University Times

Power of the Spanglish Word

Former Outstanding Professor Jose Gonzalez recognized for influential theater project

Photo by Cal State L.A

Photo by Cal State L.A

Anthony Karambelas, Staff Reporter

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How does one unite a community?

Actually, let’s rephrase that: how does one unite the 57th most populous city in the United States? Simple: through theater, song, and dance.

The city of Santa Ana, with a high Latino demographic, houses so many unique stories that beg to be told. What better way to tell these fascinating stories than through performance? In 2012, South Coast Repertory initiated a bilingual theater project called Dialogue/Dialogos, an attempt to mine the narrative treasures within the Santa Ana Latino community.

Partnering with Latino Health Access (LHA), a Santa Ana based nonprofit, and funded by The James Irvine Foundation, the Dialogue/Dialogos team interviewed and workshopped with more than 1,200 residents over the course of two years. In 2014, the finalized theatrical work was viewed in the Santa Ana Civic Center Plaza.

Dialogue/Dialogos was written by none other than the exceptional playwright and Cal State LA professor, Jose Cruz Gonzalez. In August, he was awarded the 2016 President’s Distinguished Professor award, which recognizes previous Outstanding Professors for their teaching and professional accomplishments.

On Tuesday of last week, Gonzalez shared his experiences working on the Dialogue/Dialogos project.

“My initial research taught me a great deal about the city of Santa Ana. Santa Ana has the largest Mexican-American community of over 300,000 in the U.S. with over 78% Latino, and it is the youngest city,” said Gonzalez.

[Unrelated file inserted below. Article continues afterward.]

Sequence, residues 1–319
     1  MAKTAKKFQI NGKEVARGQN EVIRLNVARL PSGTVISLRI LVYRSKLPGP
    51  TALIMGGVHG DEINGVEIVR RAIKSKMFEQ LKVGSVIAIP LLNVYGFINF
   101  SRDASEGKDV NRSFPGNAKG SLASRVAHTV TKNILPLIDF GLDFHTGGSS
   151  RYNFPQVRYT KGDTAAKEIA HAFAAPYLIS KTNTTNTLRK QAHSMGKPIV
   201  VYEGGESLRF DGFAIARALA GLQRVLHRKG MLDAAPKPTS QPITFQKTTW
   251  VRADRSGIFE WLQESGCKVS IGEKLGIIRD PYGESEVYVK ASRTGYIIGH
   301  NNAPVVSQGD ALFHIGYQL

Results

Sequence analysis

Gonzalez also shared how Santa Ana was a great candidate for storytelling because of the hardships its people had undergone. The Los Angeles Times ranked Santa Ana number one in the nation for urban hardship and called it the nation’s toughest place to live.

Gonzalez went on to explain how he applies the lessons he learned from working on Dialogue/Dialogos to the classroom.

“One of the things I try to teach my students is document your process. Because we’re so busy in the world of creating that we don’t stop to think about how we might be able to use this as a teaching tool. So I’m constantly boring my students with these presentations because I’m documenting to show them the process, and I think that’s a really helpful tool.”

Since the conclusion of the project in 2014, Gonzalez has kept himself busy, working on a dance theater project on human trafficking, funded by Michigan State University, which will premiere in February 2017 in Michigan. It is the first time Gonzalez has ever written for dance.

He’s also currently working on an original play called Curious, which will premiere next year in Minneapolis. At the same time, he is contributing to a new play called American Mariachi, commissioned by the Deborah Center Theater, about mariachi music from the perspective of women in the 1970’s, when women were prohibited from playing.

Having passionate teachers like Gonzalez who inspire a love for learning amongst students is one of the wonderful qualities of Cal State LA.

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